Thursday, 9 July 2015

Cassava Farmers Urged to Tackle Weeds for Best Yields

Photo caption: Farmers standing in cue to get bundles of improved cassava stems distributed during the pre-season training.

Now that it has rained in many parts of Nigeria, Cassava: Adding Value for Africa (CAVA II)  Project, together with the Ondo State Agriculture Development Project (ADP) have urged farmers to adopt prompt and effective weed management in order to safeguard their farmlands against weeds.

The call was made during a pre-season training organised by CAVA II, Nigeria, in Alagbaka Community in Akure, Ondo State. The pre-season training which is the third in a row since the planting season commenced in Nigeria, had in attendance about 200 farmers from different local government areas in the state. Farmers who participated in the training got hand-on-training in weed management and
herbicide use, and urged to use quality planting materials resistant to pest and diseases in order to get best yields.

Speaking at the pre-season training, a Service Programme Officer for the project, Mr Adeloyo Olaniyi, pointed out that opportunistic weeds pose a major challenge to cassava farmers, noting that they inhibit crop’s growth and lower yield. He went further to explain that cassava crop is most susceptible to weed during the first four months after planting, hence the need for early weeding. According to him, “Weed is an enemy to farmers, particularly cassava farmers because it reduces bulking and canopy development. If you can control weeds adequately, root bulking will be facilitated. Farmers must adopt
effective weed control which must be timely because early weeding prevents opportunistic weeds from competing with crops for nutrients, water, light and space.” He however advised that farmers should combine different cultural practices such as manual weeding, use of herbicide, inter-row weeders and cover crops to control weeds in their cassava farms.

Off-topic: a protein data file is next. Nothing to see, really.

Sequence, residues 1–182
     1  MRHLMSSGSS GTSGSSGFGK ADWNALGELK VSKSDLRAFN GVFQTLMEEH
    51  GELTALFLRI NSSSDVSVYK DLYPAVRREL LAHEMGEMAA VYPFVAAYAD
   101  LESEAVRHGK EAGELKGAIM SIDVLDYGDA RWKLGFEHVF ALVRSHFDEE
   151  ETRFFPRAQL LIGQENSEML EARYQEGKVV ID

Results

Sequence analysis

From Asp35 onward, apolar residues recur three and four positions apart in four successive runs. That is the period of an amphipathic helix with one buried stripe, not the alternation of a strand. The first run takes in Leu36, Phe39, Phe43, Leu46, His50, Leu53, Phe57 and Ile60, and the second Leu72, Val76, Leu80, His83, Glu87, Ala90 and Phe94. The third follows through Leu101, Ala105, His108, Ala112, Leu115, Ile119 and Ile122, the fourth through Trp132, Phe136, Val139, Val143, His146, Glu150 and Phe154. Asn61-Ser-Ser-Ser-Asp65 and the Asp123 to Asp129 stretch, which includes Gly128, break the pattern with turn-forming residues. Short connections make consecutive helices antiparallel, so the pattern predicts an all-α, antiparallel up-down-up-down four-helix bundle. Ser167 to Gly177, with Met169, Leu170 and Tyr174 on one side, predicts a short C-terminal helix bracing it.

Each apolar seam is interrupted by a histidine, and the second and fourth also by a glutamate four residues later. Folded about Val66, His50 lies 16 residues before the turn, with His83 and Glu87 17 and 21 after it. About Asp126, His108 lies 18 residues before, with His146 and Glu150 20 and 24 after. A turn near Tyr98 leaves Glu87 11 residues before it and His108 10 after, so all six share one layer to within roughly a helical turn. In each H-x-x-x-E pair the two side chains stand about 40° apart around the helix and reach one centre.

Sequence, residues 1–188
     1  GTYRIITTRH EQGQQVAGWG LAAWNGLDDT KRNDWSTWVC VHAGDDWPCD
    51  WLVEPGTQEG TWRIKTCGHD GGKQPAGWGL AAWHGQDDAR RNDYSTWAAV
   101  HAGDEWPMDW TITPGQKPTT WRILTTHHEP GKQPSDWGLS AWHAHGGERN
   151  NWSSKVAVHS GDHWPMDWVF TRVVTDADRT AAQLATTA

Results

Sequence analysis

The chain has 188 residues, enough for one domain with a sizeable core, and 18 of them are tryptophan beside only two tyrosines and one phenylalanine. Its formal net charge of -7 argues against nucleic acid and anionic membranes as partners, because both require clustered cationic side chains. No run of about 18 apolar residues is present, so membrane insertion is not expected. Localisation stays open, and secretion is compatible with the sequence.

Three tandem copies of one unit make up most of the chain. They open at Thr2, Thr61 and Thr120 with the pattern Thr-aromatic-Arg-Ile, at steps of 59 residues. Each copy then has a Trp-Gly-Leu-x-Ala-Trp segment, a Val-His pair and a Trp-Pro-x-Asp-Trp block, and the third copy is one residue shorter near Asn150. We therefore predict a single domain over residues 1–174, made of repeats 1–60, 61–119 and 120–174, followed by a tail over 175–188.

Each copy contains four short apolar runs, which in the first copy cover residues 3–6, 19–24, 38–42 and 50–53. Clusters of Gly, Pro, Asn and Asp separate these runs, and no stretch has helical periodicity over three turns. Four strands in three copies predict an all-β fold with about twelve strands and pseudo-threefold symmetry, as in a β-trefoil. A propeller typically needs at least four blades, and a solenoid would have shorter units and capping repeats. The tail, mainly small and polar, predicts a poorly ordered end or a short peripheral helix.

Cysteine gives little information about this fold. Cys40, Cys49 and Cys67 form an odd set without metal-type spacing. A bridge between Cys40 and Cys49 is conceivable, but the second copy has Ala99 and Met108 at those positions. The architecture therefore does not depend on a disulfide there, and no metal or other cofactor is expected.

In the same vein, the Monitoring Learning and Evaluation Expert for the project, Dr Ola Ogunyinka, emphasised the need for cassava farmers to identify the markets they will be supplying their roots to before cultivation, stressing that it is of the essence that farmers plant the particular variety that is required by the value chain that they will be supplying to, because they will earn more money by doing

He said, “It is important that cassava farmers identify to which value chain they would like to supply their tubers whether it is the starch market or the ethanol market or the garri market and plant the appropriate variety that would give the best yield for that value chain.” He however advised that should take farming as a business and adopt proper agronomic practices in order to have very high yields.

In his remarks, the project’s Technical Expert on Cassava Production, Mr Stephen Olonade, however said that the relevance of the pre-season training is to build the capacity of farmers so that they will adopt good agronomic practices which will help them get better yields. According to him, “Through this training, farmer will know how to grow cassava: how to prepare the land, the time of planting and weed management.”

To round off the pre-season training, six hundred bundles of improved cassava stems were given out to farmers who participated in the training.

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